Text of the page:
Tuesday, December 09, 2008

"Sinterklaas Kapoentje"...

Sweet, childrens' voices sing...

Sinterklaas kapoentje,
Gooi wat in mijn schoentje,
Gooi wat in mijn laarsje,
Dank u Sinterklaasje.

The Dutch adore Sinterklaas, born "Nikolaus von Myra", and commemorate his birthday with Sinterklaas/Pakjesavond on the 5th of December. Nikolaus, a Bishop in the 4th Century in present-day Turkey, is said to be a patron Saint of children. Rather than a fat, jolly, old man, the original Sinterklaas is a tall old man with a kind, wise face and a long white beard, and is always seen wearing his Bischop's costume. He's accompanied by Zwarte Piets, helpers that some say have turned black by going down one to many chimneys.

Having actually met Sinterklaas and his Zwarte Piets in person yesterday, I only have good things to say. Apparently, they were on their way back to Spain, where (according to Dutch legend) they now reside, and stopped into the Vlissingen Seafarers Mission to bid us all farewell. The Womens International Group of Zeeland, their families, and the temporarilly land-bound seafarers (whose contact with their families this holiday season is limited to letters, emails, and a single Skype call at the Seafarers Mission), were all honored to meet him.

A couple weeks before his birthday, Dutch children place a shoe near the fireplace filled with goodies for Sinterklaas and his white horse, and are rewarded with candy and "Pepernoten" (bite-sized gingerbread-like morsels) in exchange. On the evening of December 5th (or morning of December 6th for some), Sinterklaas knocks on the door and runs, leaving a big present-filled sack at the door. From games, toys, and dolls to a solid chocolate letter, chololate coins, and more pepernoten, Sinterklaas is more than generous when he visits Holland's sweet little boys and girls. Gifts are often accompanied by poems... which I think is a wonderful, thoughtful touch to gift-giving.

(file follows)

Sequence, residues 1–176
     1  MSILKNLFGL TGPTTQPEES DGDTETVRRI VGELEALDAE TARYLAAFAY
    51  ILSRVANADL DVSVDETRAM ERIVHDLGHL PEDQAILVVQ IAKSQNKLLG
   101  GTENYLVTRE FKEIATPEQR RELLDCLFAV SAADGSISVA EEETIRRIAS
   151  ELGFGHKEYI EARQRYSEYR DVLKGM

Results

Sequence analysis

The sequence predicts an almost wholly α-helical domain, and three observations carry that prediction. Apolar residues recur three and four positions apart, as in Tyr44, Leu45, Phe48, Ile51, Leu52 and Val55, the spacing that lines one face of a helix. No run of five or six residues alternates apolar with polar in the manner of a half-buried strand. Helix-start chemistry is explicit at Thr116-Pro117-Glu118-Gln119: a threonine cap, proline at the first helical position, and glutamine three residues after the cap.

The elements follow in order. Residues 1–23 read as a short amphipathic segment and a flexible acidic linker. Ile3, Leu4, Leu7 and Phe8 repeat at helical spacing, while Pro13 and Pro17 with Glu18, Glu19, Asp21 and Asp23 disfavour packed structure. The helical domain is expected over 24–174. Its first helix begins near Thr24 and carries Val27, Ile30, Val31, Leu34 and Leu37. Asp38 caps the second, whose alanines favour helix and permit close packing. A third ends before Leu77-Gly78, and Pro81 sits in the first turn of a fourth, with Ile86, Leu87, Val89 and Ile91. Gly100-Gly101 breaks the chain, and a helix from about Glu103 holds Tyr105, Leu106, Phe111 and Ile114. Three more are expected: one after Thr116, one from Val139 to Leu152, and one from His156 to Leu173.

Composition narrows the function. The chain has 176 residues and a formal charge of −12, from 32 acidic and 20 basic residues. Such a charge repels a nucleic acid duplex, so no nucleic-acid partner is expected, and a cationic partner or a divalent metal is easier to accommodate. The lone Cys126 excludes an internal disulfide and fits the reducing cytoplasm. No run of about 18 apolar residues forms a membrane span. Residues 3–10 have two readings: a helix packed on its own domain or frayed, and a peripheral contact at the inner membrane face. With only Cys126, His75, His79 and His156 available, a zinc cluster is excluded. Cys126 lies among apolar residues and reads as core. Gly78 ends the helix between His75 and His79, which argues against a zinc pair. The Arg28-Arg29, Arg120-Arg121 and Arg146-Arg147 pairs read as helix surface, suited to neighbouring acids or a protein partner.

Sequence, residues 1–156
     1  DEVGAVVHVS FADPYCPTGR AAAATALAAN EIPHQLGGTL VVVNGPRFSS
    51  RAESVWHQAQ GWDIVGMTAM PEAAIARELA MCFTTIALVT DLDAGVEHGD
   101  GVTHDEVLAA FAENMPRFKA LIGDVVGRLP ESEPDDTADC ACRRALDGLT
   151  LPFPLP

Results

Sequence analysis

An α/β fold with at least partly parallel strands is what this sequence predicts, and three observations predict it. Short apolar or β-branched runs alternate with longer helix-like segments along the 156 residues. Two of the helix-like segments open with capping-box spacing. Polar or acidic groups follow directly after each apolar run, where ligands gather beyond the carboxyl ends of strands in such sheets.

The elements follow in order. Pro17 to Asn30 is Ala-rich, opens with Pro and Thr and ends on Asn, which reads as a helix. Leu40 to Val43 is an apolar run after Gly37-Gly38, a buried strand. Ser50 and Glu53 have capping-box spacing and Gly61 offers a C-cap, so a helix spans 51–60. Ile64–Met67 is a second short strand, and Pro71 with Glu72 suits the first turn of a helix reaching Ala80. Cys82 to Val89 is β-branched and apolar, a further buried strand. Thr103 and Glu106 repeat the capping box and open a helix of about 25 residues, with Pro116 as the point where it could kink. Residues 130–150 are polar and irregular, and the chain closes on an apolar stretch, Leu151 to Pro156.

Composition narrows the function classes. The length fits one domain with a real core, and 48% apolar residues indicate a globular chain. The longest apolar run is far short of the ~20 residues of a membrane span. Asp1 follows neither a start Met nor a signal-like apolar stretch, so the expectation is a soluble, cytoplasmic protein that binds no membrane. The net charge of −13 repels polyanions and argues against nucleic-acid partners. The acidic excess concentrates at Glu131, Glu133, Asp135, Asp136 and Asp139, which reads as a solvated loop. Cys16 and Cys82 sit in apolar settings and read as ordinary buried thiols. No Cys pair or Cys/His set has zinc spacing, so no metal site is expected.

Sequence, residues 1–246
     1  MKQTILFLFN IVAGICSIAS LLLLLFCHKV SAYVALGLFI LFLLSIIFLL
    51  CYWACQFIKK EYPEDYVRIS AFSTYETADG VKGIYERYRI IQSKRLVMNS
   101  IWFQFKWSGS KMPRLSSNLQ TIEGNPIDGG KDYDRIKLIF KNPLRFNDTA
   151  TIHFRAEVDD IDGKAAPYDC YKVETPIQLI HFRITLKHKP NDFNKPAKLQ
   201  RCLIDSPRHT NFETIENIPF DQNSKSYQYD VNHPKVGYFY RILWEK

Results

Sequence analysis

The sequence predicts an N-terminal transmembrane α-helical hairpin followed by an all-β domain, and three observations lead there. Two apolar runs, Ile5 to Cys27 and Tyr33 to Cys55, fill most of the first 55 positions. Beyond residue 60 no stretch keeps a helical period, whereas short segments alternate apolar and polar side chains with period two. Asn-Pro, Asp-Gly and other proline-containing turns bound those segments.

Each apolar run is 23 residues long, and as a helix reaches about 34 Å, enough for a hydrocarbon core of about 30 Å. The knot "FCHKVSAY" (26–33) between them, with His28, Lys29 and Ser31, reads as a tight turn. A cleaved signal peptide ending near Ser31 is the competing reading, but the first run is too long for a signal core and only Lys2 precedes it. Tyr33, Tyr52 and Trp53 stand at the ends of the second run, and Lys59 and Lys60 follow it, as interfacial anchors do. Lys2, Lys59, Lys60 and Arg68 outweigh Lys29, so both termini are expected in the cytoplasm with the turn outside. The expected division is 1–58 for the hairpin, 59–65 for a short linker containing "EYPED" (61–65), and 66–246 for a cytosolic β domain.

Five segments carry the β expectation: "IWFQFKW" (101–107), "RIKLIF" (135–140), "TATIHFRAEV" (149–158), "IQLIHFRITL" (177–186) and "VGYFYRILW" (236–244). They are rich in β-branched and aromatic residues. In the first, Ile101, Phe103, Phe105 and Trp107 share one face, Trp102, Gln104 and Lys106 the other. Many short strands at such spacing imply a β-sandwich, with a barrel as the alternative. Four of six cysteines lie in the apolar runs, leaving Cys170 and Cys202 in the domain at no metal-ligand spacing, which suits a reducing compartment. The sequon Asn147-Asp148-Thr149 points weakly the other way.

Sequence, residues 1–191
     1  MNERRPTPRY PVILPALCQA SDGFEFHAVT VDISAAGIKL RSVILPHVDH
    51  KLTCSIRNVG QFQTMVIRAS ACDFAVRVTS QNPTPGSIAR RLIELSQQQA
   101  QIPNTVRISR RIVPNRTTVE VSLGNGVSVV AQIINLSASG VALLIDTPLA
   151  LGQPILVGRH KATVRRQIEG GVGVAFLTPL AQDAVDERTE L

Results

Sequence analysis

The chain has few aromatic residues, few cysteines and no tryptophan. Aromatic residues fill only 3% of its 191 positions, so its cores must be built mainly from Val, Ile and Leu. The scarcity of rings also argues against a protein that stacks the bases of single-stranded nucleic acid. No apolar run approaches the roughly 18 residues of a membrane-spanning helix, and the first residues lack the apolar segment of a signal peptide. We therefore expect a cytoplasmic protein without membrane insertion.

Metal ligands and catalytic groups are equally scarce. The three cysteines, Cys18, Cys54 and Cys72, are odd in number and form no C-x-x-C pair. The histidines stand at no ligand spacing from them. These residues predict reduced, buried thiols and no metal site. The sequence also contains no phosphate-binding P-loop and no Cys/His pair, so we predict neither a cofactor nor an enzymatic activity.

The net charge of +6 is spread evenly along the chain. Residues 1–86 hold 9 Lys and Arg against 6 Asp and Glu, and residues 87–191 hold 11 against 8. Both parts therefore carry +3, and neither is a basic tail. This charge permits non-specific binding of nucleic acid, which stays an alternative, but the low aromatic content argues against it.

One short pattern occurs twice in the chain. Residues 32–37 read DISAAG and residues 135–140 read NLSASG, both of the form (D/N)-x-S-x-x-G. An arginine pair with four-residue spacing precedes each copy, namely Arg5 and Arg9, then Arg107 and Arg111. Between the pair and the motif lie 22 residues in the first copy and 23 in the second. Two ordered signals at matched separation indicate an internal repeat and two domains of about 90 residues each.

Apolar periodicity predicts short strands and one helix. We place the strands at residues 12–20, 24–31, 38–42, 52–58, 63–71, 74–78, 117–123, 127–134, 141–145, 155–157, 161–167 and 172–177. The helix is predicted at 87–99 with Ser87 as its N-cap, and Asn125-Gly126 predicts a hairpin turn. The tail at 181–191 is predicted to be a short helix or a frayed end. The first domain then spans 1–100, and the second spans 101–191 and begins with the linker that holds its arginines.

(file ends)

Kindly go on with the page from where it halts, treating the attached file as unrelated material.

As this is likely our last December here in the Netherlands (we'll probably be gone by September), I'll miss Sinterklaas. But what I'll miss even more are the sweet voices of the children, singing songs in his name with pepernoten-scented breath, as well as the smiles on their innocent, chocolate-smeared faces. It's one of those things that's hard to witness when visiting. You really have to live here. Which is why we count ourselves as lucky. :-)

Just another thing to be thankful for this holiday season.

No comments: